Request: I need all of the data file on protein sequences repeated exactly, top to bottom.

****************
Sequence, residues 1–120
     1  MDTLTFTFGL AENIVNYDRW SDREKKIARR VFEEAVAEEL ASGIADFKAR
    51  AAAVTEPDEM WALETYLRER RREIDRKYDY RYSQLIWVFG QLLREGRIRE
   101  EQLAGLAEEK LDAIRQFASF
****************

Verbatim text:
Sequence, residues 1–120
     1  MDTLTFTFGL AENIVNYDRW SDREKKIARR VFEEAVAEEL ASGIADFKAR
    51  AAAVTEPDEM WALETYLRER RREIDRKYDY RYSQLIWVFG QLLREGRIRE
   101  EQLAGLAEEK LDAIRQFASF